The professional team at Foot & Ankle Specialists of Connecticut in Danbury, New Milford, and Plainville, CT, ask you to call them about your heel pain and other symptoms. They serve the areas of New Britain, Bristol, Southington, Farmington, New Fairfield and Ridgefield, CT. There are three offices:
- In Danbury, phone (203) 748-2220
- In New Milford, phone (860) 355-3139
- In Plainville, phone (860) 747-2200
Have you been struggling with heel pain lately? If so, the pain you're feeling may be caused by inflammation of the plantar fascia, a connective tissue that extends from the heel to your toes. This condition is called plantar fasciitis, and here at Foot & Ankle Specialists of Connecticut, P.C. in Plainville, Danbury, and New Milford, CT, we diagnose this issue and help the citizens of New Britain, Bristol, Southington, Farmington, New Fairfield, and Ridgefield alleviate their symptoms—read on to learn more!
What Causes Plantar Fasciitis?
Dedicated athletes and people who do a lot of walking or standing in the course of a day often develop plantar fasciitis. This is because they put a lot of pressure on the plantar fascia tissue. People who have flat feet often have this issue, as well. Plantar fasciitis can also occur due to wearing shoes that are not ideally designed, such as cheap flip flops.
In advanced cases of plantar fasciitis, a secondary condition called heel spurs can occur; this issue concerns a growth of bony tissue on the back of the heel. Both of these foot problems can be very painful if not treated by your podiatrists in Plainville, Danbury, and New Milford, CT.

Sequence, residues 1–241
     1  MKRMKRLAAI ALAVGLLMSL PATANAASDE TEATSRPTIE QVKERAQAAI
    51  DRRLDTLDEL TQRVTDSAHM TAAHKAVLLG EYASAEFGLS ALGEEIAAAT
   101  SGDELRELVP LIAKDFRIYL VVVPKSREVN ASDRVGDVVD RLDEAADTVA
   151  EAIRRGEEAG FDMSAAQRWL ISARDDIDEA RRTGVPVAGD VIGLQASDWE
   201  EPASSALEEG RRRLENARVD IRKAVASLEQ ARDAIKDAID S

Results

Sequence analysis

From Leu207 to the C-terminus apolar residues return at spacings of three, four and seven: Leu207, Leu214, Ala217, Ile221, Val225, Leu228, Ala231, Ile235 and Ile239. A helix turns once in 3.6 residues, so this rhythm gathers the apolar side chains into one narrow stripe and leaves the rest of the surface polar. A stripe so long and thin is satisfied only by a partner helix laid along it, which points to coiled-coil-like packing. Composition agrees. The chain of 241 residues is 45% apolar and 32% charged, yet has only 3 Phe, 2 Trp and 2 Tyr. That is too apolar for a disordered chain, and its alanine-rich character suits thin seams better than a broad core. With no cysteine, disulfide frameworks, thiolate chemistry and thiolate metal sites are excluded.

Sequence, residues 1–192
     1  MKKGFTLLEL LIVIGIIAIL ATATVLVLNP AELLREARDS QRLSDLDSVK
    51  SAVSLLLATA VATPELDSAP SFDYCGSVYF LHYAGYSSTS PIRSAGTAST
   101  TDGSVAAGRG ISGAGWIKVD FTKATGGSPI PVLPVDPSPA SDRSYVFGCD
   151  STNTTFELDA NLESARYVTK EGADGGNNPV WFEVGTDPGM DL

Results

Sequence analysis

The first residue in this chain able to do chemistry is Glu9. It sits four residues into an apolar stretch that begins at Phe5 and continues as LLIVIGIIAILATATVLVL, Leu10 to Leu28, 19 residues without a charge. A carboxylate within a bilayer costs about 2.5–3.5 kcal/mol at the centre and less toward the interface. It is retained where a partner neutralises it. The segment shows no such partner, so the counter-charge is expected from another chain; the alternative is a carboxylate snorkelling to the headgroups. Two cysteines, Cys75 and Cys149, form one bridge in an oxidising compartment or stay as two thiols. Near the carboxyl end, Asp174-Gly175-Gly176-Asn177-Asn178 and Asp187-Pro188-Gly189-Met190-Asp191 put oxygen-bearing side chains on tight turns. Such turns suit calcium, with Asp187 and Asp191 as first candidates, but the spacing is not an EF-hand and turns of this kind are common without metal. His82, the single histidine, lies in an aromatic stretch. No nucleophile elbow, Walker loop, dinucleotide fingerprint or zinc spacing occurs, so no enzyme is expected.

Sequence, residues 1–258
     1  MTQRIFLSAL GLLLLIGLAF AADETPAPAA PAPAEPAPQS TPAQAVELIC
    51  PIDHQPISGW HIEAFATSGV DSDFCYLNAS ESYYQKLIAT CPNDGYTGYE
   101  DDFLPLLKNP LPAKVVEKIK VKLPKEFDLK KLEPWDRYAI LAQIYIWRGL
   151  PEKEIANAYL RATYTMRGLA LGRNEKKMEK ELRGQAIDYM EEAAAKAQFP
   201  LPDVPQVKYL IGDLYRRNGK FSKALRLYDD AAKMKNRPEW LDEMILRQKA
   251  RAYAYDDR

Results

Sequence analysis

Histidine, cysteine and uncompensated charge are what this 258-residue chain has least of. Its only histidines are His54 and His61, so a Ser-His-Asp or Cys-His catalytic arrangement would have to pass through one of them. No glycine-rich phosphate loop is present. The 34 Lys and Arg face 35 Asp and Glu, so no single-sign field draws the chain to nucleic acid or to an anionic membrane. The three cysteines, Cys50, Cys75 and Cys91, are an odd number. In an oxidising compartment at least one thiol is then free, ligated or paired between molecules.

How to Treat It
Your podiatrist can treat plantar fasciitis in a number of ways. Your exact treatment plan will be determined after a careful foot exam and X-ray screening that will evaluate the pervasiveness of the issue. Here are some common treatment options:
- Ice pack therapy to ease inflammation and encourage healing.
- Foot wrapping for athletes.
- Orthotic inserts to provide better arch support.
- Physical therapy and stretching exercises.
- Surgery in very advanced cases where other non-invasive treatments don't help.
If you have any questions or concerns, please consult your podiatrist in Plainville, Danbury or New Milford, CT, today to schedule an appointment:
- Plainville: (860) 747-2200
- Danbury: (203) 748-2220
- New Milford: (860) 355-3139
We are also proud to serve the areas of New Britain, Bristol, Southington, Farmington, New Fairfield, and Ridgefield, CT.